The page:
Book Review: Beacon Hill Boys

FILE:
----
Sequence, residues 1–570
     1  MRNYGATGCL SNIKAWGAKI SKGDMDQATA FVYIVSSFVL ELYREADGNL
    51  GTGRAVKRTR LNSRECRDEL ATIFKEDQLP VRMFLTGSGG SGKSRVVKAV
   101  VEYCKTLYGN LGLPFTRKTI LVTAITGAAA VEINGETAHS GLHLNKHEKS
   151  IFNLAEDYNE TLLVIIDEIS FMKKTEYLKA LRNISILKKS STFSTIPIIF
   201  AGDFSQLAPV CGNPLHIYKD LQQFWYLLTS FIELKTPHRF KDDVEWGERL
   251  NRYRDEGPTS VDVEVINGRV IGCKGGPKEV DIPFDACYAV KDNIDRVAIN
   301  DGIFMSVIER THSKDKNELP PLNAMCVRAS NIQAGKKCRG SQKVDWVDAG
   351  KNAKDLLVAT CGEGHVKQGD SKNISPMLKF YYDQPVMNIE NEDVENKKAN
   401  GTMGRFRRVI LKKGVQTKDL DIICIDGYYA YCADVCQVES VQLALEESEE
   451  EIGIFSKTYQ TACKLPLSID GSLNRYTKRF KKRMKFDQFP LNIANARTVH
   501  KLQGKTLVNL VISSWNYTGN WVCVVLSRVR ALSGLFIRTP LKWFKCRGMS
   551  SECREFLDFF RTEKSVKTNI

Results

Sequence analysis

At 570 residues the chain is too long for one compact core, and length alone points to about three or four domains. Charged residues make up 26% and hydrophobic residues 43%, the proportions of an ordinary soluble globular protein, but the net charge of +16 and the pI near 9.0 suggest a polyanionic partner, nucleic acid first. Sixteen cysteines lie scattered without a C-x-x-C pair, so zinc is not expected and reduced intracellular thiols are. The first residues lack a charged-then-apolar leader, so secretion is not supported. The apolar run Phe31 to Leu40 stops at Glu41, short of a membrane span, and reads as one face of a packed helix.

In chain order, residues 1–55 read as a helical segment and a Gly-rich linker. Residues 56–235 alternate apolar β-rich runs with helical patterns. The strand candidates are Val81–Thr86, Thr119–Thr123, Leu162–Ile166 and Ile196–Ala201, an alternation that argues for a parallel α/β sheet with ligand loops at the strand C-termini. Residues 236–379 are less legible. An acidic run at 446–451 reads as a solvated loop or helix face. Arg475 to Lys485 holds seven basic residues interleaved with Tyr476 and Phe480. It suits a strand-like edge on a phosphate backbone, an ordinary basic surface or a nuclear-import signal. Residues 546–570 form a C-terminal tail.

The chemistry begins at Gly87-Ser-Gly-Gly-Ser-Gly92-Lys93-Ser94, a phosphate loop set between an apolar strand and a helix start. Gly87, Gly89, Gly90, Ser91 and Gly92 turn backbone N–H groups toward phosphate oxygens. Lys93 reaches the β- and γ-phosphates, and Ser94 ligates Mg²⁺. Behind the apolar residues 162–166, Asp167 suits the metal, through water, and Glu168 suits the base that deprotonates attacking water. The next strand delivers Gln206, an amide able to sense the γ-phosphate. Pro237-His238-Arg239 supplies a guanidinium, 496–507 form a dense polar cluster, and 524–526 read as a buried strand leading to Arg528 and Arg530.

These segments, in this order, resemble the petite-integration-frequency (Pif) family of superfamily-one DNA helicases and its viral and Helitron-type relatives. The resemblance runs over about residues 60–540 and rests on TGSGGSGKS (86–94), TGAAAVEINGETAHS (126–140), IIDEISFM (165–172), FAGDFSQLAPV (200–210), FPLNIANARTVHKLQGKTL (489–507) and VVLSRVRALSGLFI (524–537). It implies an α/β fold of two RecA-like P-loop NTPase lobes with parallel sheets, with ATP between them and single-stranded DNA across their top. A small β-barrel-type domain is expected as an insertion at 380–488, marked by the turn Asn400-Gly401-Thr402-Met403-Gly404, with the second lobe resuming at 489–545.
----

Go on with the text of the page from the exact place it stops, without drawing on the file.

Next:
This novel Beacon Hill Boys sets in the working-class Beacon Hill neighborhood of Seattle in the early 1970s. It’s the story of 16-year-old Dan Inagaki, whose parents would like him to emulate his older brother Brad, a star student with a college scholarship and a white girlfriend. But angry, frustrated Dan cares about other things: he and his friends are tired of being called "Oriental" by thoughtless teachers and they are struggling to understand their ethnic identity as Japanese Americans. I learn Dan’s age when he says, "At least I had a good year to go before I would have to register for the draft." In the next paragraph he precedes his physical attributes with, "Getting ready for the day left me with no choice but to look at myself in the mirror." Dan’s having a rough time at home, where his parents compare him to Brad and find him wanting, and at school, where his history teacher replies to his question about Japanese internment camps by saying, "We only teach American history around here." Dan joins with Native American and Chicano students to ask for a history class that addresses not only the camps but also "Cesar Chavez and Wounded Knee." When the Black Student Union gets involved, the school administration creates a class in comparative American cultures. Back at home, his father is far from pleased. "The nail that sticks up the highest gets hit the hardest," he tells Dan. "You better worry about what other people will think." When Dan complains, it’s with grim humor. He empathizes with a fluorescent light bulb that flickers before it dies: "I looked up and thought, you ain’t the only one having to eat it these days, brother man." But this young man has the stubborn spirit of a born activist, and he does more than just complain. When he has spent his spring break working at a family friend’s ice cream shop, his boss tells him, "I’ll put you on the payroll next week after you work the night shift a few more times and...
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